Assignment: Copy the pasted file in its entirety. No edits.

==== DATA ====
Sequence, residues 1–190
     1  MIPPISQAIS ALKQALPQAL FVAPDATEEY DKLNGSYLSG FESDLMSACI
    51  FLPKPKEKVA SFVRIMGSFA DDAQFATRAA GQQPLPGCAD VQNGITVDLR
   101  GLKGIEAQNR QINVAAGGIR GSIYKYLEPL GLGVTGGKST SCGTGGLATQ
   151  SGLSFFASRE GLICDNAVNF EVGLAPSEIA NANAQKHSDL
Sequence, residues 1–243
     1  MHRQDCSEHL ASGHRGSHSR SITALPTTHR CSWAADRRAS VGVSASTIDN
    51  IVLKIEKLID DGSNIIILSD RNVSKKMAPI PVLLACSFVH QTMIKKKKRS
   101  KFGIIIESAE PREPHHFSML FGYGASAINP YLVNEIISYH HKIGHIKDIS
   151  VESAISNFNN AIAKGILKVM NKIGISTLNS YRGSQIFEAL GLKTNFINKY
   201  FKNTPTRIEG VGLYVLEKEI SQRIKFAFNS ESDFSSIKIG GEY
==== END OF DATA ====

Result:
Sequence, residues 1–190
     1  MIPPISQAIS ALKQALPQAL FVAPDATEEY DKLNGSYLSG FESDLMSACI
    51  FLPKPKEKVA SFVRIMGSFA DDAQFATRAA GQQPLPGCAD VQNGITVDLR
   101  GLKGIEAQNR QINVAAGGIR GSIYKYLEPL GLGVTGGKST SCGTGGLATQ
   151  SGLSFFASRE GLICDNAVNF EVGLAPSEIA NANAQKHSDL
Sequence, residues 1–243
     1  MHRQDCSEHL ASGHRGSHSR SITALPTTHR CSWAADRRAS VGVSASTIDN
    51  IVLKIEKLID DGSNIIILSD RNVSKKMAPI PVLLACSFVH QTMIKKKKRS
   101  KFGIIIESAE PREPHHFSML FGYGASAINP YLVNEIISYH HKIGHIKDIS
   151  VESAISNFNN AIAKGILKVM NKIGISTLNS YRGSQIFEAL GLKTNFINKY
   201  FKNTPTRIEG VGLYVLEKEI SQRIKFAFNS ESDFSSIKIG GEY